Player Focus: Typical Giroud must begin to show class when it matters the most
They were five days that seemed to sum up Olivier Giroud’s entire career at Arsenal.
On Wednesday, with his side losing to Monaco in a Champions League tie that was finally supposed to see them end five years of last-16 frustration, the forward was presented with three big chances. He fluffed them, almost seeming to panic with one.
On Sunday, in a home match quite important to getting back into the continental competition, he took his anger out on Everton. Giroud produced by hitting the key first goal of the game. The difference feels defining.
Giroud deserves credit for responding so well to the disappointment of the Monaco match by scoring in the very next game, but it wasn’t exactly unexpected; it wasn’t exactly breaking new ground. Arsenal should be beating Everton at home - especially an Everton side on this kind of form - and Giroud is generally good for a goal in that type of fixture.
He is, in other words, dependable as a goalscorer to a certain point. Thereafter, and when the margins get tighter, he tends to become more and more unreliable. Monaco was a case in point.
He almost personifies Arsenal from 2010 to 2013 in that regard. Before they began to buy players of the status of Mesut Ozil and Alexis Sanchez, they had to go the rung below or even further down: signing good players but not true game-breakers. The lingering feeling is that Arsenal could jump up a level if they also secured a better centre-forward, someone closer to the Sergio Aguero and Diego Costa range.
The long-term stats from his time at the Emirates back this up. When you look at the key scoring figures from all the top-scoring Premier League strikers since Giroud first arrived in the summer of 2012, the French forward’s don’t stand up that well.
None of this is to say Giroud does not have some top-level quality. His one-touch lay-offs around the box are joyous, and it’s hard to think of too many players better than him at that. He is also strong in the air, and capable of finishes of very high quality, even if they are not always in the highest-pressure fixtures.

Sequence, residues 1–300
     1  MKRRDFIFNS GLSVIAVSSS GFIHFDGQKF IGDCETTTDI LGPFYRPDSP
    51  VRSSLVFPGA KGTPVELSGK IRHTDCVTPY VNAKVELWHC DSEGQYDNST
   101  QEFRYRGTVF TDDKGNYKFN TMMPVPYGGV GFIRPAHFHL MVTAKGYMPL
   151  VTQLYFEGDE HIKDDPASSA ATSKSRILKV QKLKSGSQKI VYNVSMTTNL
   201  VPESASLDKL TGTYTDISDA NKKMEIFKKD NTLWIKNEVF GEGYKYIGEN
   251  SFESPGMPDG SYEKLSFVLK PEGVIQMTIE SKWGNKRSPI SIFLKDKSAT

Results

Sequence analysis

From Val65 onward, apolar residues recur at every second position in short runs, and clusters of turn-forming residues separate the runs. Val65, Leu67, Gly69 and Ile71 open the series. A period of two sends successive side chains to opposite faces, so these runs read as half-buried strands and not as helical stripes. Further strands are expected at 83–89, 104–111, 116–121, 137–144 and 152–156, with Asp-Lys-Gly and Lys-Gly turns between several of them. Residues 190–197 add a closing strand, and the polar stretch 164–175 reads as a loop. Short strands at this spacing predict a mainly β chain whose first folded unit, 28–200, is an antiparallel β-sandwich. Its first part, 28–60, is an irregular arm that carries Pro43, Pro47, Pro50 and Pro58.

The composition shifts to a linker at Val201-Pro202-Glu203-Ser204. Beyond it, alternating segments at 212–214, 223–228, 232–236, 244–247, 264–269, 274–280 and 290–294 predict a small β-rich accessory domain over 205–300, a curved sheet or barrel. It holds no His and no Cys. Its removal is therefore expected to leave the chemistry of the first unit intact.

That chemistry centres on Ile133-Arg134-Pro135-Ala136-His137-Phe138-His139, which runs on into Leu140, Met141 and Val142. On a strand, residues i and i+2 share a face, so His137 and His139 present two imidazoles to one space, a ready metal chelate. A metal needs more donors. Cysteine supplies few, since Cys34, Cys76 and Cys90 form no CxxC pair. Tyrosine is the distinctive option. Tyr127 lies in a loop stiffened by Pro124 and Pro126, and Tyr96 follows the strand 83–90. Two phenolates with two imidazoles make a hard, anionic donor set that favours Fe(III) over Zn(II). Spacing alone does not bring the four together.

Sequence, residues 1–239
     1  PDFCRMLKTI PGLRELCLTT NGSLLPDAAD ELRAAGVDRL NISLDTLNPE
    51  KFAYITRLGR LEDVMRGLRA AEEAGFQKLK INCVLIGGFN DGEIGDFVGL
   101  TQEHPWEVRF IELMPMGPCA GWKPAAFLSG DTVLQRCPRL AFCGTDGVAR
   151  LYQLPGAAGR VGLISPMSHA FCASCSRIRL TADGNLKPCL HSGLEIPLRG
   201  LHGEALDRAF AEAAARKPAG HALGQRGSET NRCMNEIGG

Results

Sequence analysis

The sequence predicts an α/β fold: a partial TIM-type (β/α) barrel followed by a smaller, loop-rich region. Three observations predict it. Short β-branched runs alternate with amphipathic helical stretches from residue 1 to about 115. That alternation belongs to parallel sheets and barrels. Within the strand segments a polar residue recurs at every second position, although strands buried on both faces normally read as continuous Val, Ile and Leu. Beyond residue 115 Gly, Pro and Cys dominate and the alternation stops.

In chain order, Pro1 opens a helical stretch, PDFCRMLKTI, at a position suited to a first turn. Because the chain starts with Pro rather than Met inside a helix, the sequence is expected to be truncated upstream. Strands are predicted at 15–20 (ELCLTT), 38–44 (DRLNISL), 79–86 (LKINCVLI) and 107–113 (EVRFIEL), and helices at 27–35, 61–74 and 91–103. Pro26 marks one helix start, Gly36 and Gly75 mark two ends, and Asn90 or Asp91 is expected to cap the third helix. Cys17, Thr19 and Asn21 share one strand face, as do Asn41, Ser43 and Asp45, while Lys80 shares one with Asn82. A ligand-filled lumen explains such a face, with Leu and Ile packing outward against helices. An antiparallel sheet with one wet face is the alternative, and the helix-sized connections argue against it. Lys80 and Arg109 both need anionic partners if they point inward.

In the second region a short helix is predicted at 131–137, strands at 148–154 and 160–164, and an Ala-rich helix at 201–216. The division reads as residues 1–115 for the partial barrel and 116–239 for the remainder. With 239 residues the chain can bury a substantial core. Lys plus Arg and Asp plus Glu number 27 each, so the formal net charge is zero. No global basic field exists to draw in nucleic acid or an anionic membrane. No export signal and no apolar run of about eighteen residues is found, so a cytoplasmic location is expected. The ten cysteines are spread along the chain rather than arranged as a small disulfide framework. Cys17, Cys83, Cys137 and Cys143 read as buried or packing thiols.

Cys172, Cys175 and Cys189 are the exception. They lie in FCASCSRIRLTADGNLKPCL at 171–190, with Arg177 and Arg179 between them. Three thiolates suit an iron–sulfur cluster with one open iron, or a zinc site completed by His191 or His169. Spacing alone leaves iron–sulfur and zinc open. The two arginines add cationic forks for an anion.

Clearly, Arsene Wenger recognises something in him. He also recognised something Giroud needed to fix. One story has it that the Arsenal manager was concerned that Giroud was blasting too many of his finishes, and said he should practice placing them more.
It may have had an effect because, to a certain extent, Wenger is right. The French striker has improved in a fair few aspects of his game - most importantly, how prolific he is. His minutes between goals have come right down, to 109.4.
That has also made him one of this season’s most prolific scorers, fourth in terms of conversion rate with 20.9% and fifth in minutes between goals.
Two things stand out about these stats. One is of course that Giroud is suddenly among the most sensational stars in terms of finishing. The second is that both of these are led by Papiss Cisse, who has actually only been played 59 minutes less than Giroud this campaign, 926 compared to 985.
No-one is talking about the Newcastle United forward as potentially having made a leap to a higher level, and this is why it is still a little difficult to do the same with Giroud. It still might be a temporary spell of form, and the last week certainly had the feel of things evening out given the circumstances: the goal you would expect, the miss you would expect.
Giroud is now 28, and notionally in his prime. He could do with perpetuating this form, and adding to it with statement finishes. A goal to really put the pressure on Monaco in the Champions League second leg would certainly help.